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John Edwards' lawyers ask judge to toss charges
Lawyers for former presidential candidate John Edwards ask judge to throw out criminal charges
By The Associated Press

RALEIGH, N.C. (AP) ' Lawyers for John Edwards asked a federal judge on Tuesday to throw out criminal charges against the former Democratic presidential candidate.

Edwards' defense team filed five motions saying that federal prosecutors violated his rights under several constitutional amendments.

The lawyers argue that the federal indictment against him was unconstitutionally vague and that the charges were pursued by a partisan prosecutor for political gain. They also contend that even if all the facts alleged in the federal indictment were true, no crime occurred.

Edwards was charged in June with using more than $1 million in under-the-table payments from political supporters to hide his pregnant mistress Rielle Hunter during his 2008 run.

In their filing, defense lawyers for Edwards say he tried to hide his mistress not to preserve his political candidacy, but to keep his affair secret from his family.

"Mr. Edwards had a number of non-campaign-related, purely personal reasons to conceal his relationship with Ms. Hunter," the former candidate's layers say. "Like most men in his situation, he naturally wanted to shield his extramarital affair from public view to avoid hurting his wife and children and to protect his reputation."

Edwards' lawyers also contend that prosecutors misused their authority to pursue charges against Edwards and that they failed to screen the federal grand jury that issued the indictment.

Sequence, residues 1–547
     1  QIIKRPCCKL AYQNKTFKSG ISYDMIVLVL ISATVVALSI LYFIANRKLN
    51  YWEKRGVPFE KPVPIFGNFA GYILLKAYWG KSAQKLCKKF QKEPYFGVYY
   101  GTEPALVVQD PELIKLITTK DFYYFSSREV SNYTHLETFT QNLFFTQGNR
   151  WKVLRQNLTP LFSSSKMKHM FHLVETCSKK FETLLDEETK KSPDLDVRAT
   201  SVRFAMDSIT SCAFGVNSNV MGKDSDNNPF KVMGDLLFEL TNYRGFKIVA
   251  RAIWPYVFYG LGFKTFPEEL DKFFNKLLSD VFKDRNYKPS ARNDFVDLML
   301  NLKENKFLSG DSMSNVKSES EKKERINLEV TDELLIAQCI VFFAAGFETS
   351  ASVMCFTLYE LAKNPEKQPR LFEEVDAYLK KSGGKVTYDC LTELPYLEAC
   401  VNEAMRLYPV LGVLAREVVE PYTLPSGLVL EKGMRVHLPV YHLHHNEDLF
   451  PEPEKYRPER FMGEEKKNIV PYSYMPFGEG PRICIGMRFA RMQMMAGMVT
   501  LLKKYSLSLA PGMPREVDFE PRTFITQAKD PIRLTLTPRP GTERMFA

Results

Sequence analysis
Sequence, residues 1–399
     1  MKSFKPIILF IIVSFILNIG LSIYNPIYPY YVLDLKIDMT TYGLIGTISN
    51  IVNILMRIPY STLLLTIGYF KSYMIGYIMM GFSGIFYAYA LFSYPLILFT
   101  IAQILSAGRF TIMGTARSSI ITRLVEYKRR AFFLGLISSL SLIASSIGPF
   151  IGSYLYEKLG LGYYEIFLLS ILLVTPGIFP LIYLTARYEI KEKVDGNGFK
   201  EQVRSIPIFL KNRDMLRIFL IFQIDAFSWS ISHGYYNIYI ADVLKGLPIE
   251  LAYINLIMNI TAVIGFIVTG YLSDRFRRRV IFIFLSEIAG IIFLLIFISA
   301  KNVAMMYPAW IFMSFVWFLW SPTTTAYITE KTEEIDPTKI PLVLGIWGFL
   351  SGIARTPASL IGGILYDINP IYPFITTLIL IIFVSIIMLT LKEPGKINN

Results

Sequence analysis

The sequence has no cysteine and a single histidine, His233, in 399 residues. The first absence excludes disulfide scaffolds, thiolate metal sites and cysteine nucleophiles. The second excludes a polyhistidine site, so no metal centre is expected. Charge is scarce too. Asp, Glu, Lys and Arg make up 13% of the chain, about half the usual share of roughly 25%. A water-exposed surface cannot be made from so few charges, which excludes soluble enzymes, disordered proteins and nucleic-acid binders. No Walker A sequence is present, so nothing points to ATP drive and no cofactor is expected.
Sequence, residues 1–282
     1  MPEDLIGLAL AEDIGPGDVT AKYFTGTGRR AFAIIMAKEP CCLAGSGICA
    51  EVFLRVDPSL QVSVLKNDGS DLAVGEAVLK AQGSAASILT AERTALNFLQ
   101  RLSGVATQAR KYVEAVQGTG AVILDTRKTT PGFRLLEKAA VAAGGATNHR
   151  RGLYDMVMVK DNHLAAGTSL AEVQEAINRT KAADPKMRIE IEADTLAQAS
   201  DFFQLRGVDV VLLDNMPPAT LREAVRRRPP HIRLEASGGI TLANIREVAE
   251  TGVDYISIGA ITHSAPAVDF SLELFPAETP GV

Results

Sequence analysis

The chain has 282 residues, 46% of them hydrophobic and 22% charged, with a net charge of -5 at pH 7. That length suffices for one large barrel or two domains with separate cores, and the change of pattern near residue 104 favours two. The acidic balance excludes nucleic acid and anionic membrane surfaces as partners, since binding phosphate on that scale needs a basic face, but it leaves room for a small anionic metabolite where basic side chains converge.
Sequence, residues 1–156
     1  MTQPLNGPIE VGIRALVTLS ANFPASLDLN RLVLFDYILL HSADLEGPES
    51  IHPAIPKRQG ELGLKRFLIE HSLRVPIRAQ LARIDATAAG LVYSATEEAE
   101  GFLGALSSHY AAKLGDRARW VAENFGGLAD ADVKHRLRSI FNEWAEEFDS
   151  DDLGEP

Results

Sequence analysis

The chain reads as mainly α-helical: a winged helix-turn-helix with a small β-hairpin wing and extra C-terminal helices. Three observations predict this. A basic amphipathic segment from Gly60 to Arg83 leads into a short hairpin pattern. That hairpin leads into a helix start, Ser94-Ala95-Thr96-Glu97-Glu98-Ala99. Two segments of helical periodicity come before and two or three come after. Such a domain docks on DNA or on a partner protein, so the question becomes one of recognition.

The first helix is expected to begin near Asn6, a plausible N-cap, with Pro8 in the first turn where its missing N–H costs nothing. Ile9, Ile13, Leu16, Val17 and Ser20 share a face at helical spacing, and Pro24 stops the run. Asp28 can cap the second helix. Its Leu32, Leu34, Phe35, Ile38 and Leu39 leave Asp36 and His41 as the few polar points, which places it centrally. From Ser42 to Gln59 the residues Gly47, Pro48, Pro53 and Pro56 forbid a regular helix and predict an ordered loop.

"In this prosecution, a major figure in the Democratic Party had been brought down and, as it turns out, a Republican U.S. Attorney with political ambitions of his own has used this high profile case to his personal benefit," they wrote.

Former U.S. Attorney George Holding, an appointee of President George W. Bush who initiated the investigation against Edwards, was replaced by President Obama shortly after the charges were filed. Within weeks of his resignation, Holding announced that he will challenge an incumbent Democrat for Congress in 2012.

Edwards' lawyers also contend he had no fair warning that his actions might be considered illegal by elections regulators because no one has ever been previously charged in a similar case.

"By bringing this indictment, the government draws this court into uncharted territory in the difficult intersection between campaign finance regulation and the First Amendment," the lawyers say in a motion. "... In doing so, the government collapses any distinction between a person's candidacy and his private life."

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